US 4149721 A
A racket for tennis and like games which includes a handle having a substantially oval cross-section, with two flat opposite planar surfaces of dimension such that the grasp of the hand on the racket is more accurately aligned to control the orientation of the plane of the head than is the case with existing rackets. The handle may be constructed to receive a rigid hollow grip portion so that the grip portion may be quickly replaceable to change grip size or surface characteristics.
1. A racket for tennis and like games, comprising a head portion and a handle portion, there being in at least one surface of said handle portion a channel beginning at the exposed end and moving substantially longitudinally along said handle, and further including a hollow grip portion formed of rigid material conforming exactly in shape with and fitting closely and precisely over said handle portion, said hollow grip portion presenting a smooth but resilient and non-slip surface to provide an integral and complete hand-engaging surface for the racket, said hollow grip portion further including at least one projection on at least one interior surface of said hollow grip portion, said projection being slidably and precisely received by said channel in said handle to permit said hollow grip portion to be snugly and fixedly attached to and to be removable from said handle.
2. A racket according to claim 1, further including base locking means, on said exposed end of said handle, operatively associated with and precisely engaged by cooperating means on said hollow grip portion, for rendering said hollow grip portion fixed with relation to said handle portion, the base locking means being associated with base attaching means adapted to facilitate quick removal and replacement of said hollow grip portion.
The present invention relates to a game device, particularly a racket such as is used in tennis, badminton, squash, paddle ball and other similar games employing a racket having a flat hitting portion, normally strung, with an elongated portion terminating in a handle or grip portion. The grip or handle portion which the hand engages is of critical importance to the player in affecting the skill with which he may use the racket. Not only the size and feel of the grip, but the accuracy with which it may facilitate holding the racket in proper orientation to the plane of the stroke are vital to accurate control in hitting the ball, and placing its point of impact where desired in the court.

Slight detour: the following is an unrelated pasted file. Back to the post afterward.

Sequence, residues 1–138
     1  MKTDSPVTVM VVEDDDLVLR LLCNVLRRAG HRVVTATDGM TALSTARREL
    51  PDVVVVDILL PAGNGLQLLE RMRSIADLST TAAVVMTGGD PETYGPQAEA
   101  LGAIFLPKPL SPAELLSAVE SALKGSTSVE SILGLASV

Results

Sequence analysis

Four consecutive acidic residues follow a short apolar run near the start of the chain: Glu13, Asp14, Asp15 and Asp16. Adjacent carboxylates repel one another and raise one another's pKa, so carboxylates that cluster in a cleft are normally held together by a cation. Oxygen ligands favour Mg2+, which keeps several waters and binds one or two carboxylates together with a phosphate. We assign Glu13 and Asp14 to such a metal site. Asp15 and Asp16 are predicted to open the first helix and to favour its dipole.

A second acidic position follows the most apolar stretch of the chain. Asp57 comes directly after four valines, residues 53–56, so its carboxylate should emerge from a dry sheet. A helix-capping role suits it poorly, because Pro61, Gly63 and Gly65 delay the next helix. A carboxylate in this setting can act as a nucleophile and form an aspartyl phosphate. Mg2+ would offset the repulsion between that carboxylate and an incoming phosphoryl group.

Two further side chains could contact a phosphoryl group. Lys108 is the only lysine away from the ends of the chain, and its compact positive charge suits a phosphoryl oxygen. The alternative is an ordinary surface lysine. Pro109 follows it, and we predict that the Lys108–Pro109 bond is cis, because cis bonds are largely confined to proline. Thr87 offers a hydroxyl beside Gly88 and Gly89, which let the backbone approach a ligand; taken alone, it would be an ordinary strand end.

While similar accuracy of grip registration with the hitting surface is required in other sports or games, e.g., golf, the tennis player not only must shift his grasp on the racket very rapidly for different strokes, he must do so by feel--there is seldom time to look and place the handle in the hand properly by visual reference. Although some players use a grip which is not changed in making either a forehand or backhand stroke, the usual practice for an experienced player requires as many as five different precise grasps on the racket, to position the head precisely for the swing to be used. Thus, one orientation of grasp is required for the forehand, one for the backhand, a shortened version of each for forehand and backhand volleys at the net, and another for serving or overhead smashes (and these latter two grasps may vary for some players).
To exemplify the required accuracy of registration of the grasp with the orientation of the racket face, on a low flat drive from the baseline, wherein it is desirable to achieve a low trajectory with considerable velocity on which the ball should clear the net by about three inches, an error or misalignment of grasp wherein the surface of the handle is rotated in the hand about 2 degrees (or only about 1/32nd inch on the surface of the grip portion) can result in the ball hitting the net 18 to 20 inches below the top, or to clear it by almost that same distance (all other factors assumed constant) and consequently falling outside the playing surface of the court.
In past years devices or structures have been proposed or constructed with the intent of facilitating greater accuracy of registration of the position of the handle within the hand. U.S. Pat. No. 259,448, issued in 1882, proposed a handle with three bulges for positioning the hand. Much more recently U.S. letters patent have issued for an attachment to be externally mounted for positioning the thumb (No. 3,817,521) and for a contoured grip (No. 3,905,589). These additions of auxiliary devices, however, have not changed the basic standard shape of the handle of the racket, which has remained substantially square in cross-section, with the corners bevelled to allow for easier gripping. The resultant shape is an irregular octagon, and it is at best difficult to ensure proper orientation of the racket head with only a single hand grasp of the handle.
In view of the foregoing factors it is a primary object of this invention to provide a new design for the shape of the tennis racket handle itself, so that the racket may be more accurately oriented by the feel of its grip alone, and thus to achieve a more precise alignment of the natural plane sensed by the grasp of the hand and the actual plane of the racket head or face.